Dear Dr. Divot,
Some of the guys I play with will “take an X” on one or more holes when they have hit into a hazard, fluffed a shot in a bunker or knocked one out-of-bounds. This seems like a way to keep their scores down and their tempers in remission after a disaster.
Can they do that? Do their scores count? Is there a way to keep these scofflaws honest and give them a score they can turn in for handicap purposes?
Just Wanna’ Know
I have mixed feelings about this one. On one hand I applaud your buddies for the consideration they show by picking up and keeping the pace of play moving. On the other hand, I suspect, as apparently you do, that this is more of an ego thing than etiquette.
By picking up they avoid the dreaded “big number” and can maintain their mental equilibrium for the rest of the round. Not necessarily a bad thing. But it strikes the ol’ Doc that once you have picked your ball up, it makes it easier to pick up the next time things don’t go your way. Pretty soon the notion of a “score” becomes pretty meaningless.
The USGA does have a solution to this situation, JWK. It’s called Equitable Stroke Control or ESC. It keeps two situations from getting out of hand: 1) the case you are concerned about where, out of frustration or to speed play, a player packs it in on a hole when his score won’t affect the outcome of the match; and 2) and when a really unscrupulous player “hockey sticks” his ball around to create a high score in hopes of boosting his handicap.
ESC prevents an exceptionally bad hole from influencing a player’s handicap. It sets a limit on how many strokes a player can take on a hole based on his course handicap. Before you post your score, you are required to make an adjustment when the score you make (or would have made) on a hole is higher than what is allowed under the following table:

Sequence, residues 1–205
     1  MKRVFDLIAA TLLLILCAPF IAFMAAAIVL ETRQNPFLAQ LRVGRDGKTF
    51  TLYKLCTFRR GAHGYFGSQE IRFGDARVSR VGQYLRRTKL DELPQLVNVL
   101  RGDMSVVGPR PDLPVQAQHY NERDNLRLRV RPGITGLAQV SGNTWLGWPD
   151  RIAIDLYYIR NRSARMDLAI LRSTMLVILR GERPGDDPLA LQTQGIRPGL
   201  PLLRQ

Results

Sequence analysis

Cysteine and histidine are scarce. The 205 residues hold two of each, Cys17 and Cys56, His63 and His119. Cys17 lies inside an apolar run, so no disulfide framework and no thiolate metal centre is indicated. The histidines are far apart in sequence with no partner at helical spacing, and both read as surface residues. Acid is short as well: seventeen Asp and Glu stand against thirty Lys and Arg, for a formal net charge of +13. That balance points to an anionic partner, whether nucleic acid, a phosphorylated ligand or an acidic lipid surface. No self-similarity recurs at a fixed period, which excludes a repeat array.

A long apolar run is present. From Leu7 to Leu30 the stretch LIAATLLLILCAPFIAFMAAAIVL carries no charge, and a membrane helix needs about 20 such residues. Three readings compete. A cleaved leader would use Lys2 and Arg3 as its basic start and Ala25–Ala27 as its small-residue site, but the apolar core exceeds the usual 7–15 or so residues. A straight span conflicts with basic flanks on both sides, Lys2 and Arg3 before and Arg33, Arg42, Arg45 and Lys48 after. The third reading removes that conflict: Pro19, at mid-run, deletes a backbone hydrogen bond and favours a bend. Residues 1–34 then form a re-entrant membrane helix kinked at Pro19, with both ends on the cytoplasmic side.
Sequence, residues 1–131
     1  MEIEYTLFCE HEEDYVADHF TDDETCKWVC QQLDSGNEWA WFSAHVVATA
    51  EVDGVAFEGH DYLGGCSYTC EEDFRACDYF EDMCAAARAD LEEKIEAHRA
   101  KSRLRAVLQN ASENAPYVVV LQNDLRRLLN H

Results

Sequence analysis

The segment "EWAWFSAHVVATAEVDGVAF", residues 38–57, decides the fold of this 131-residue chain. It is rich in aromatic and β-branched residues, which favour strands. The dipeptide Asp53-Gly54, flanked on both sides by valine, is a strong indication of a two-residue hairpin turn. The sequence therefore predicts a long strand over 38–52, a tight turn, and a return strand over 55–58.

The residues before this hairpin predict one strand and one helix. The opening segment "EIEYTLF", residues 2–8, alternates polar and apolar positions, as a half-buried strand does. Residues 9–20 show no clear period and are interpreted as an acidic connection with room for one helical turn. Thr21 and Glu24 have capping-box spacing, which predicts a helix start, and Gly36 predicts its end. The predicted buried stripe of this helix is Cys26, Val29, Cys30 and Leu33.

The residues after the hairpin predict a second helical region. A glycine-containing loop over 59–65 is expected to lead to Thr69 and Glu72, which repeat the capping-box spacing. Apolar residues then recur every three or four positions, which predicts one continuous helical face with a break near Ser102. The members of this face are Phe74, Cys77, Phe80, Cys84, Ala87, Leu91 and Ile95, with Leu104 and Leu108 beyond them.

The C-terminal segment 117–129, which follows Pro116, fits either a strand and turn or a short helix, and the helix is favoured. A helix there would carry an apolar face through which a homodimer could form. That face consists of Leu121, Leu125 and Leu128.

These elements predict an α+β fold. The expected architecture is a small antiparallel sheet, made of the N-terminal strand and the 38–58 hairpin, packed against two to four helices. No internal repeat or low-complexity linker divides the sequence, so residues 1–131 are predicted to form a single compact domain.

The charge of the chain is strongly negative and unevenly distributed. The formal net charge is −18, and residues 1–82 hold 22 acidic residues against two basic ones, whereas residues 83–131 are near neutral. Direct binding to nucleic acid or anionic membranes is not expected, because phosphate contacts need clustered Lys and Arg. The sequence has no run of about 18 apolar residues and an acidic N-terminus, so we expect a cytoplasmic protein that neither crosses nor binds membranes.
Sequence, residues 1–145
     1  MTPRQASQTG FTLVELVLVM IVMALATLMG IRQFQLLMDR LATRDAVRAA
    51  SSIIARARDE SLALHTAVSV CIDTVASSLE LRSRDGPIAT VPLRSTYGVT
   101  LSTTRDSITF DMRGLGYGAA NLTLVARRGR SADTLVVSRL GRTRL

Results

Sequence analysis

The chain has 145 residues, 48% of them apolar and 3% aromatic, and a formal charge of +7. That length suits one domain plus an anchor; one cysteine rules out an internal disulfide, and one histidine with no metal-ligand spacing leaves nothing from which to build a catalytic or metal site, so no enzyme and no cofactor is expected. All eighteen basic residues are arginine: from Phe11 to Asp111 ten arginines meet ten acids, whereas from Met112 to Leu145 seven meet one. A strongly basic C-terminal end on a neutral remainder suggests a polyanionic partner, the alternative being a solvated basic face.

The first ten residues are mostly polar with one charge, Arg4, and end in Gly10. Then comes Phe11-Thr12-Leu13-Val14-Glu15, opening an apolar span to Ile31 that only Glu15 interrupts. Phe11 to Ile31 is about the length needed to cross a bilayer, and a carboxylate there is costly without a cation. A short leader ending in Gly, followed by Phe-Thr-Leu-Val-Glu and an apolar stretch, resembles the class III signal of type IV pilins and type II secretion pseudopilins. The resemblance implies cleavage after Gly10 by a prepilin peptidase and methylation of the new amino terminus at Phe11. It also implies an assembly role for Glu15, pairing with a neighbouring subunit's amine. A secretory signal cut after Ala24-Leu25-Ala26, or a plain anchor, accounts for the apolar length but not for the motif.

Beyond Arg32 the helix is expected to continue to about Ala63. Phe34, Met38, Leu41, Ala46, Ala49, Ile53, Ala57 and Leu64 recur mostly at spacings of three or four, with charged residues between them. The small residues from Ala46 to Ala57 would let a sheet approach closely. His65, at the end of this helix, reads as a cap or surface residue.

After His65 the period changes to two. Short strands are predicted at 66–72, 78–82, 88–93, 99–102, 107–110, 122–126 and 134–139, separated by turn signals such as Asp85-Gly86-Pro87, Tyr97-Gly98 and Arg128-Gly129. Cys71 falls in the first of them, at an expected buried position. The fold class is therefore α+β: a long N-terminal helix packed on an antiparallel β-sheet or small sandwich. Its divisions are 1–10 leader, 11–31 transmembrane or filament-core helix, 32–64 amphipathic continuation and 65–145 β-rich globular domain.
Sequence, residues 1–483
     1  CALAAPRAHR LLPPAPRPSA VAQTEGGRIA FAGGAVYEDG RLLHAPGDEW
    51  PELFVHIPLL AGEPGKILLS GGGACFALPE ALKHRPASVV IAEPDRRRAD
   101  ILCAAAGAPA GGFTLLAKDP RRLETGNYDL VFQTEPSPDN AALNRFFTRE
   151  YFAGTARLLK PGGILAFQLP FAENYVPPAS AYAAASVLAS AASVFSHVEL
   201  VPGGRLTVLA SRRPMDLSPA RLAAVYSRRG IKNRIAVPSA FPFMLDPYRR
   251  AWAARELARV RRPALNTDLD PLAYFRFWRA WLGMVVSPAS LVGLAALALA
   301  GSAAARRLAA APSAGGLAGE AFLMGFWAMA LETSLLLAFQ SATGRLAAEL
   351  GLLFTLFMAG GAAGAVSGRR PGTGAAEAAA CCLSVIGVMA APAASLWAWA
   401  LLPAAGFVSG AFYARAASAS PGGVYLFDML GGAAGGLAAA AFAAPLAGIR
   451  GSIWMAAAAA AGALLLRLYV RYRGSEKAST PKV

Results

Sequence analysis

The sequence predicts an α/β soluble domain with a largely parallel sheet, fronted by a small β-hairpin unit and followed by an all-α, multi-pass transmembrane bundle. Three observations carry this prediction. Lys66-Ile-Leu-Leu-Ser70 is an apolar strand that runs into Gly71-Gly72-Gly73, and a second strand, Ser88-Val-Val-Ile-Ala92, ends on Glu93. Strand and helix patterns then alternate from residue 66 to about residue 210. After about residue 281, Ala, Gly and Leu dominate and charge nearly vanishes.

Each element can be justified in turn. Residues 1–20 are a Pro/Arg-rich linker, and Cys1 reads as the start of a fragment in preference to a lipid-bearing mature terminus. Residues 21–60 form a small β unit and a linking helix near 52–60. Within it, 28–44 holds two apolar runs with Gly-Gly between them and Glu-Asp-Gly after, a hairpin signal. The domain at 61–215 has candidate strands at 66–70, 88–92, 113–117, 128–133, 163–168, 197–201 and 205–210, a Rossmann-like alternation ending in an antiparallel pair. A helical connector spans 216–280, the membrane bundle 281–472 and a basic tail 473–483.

|Under 9||Double bogey|
|10 – 19||7|
|20 – 30||8|
|30 – 39||9|
Say you pick up on a hole or are conceded a stroke, you record the score you most likely would have made. This includes the strokes you have taken, plus the number of strokes (including penalty strokes) that you would most likely take to complete the hole from that point. On the scorecard an “X” should precede the score (i.e. X-7).
If the result is higher than what is allowed under ESC you adjust the score downward. There is no limit to the number of holes on which you can apply ESC. And, yes, these scores do count.
The other time you are required to record a score for an incomplete hole or round is when play has been stopped for some reason like darkness or weather. You record par- plus any strokes you are entitled to under the course handicap.
Let’s say you’re a ten handicap and lightning ends your round after the 15th hole. If the last three holes happen to be the number 8, 12 and 4 handicap holes your par-plus score on these three holes would be bogey, par, bogey since your ten handicap would have gotten a stroke on 16 and 18, but no stroke on the 17th hole.
So, JWK, there is nothing sinister about what your golf buddies are doing as long as they follow the rules and apply ESC before they turn in their score.
The Doc visited a course recently where signs were prominently posted around the locker room alerting players that:
You shot even par today unless you report your actual score to the pro shop within three days.
It was nice to see a club where posting and peer review are taken seriously.
Dr. C.B. Divot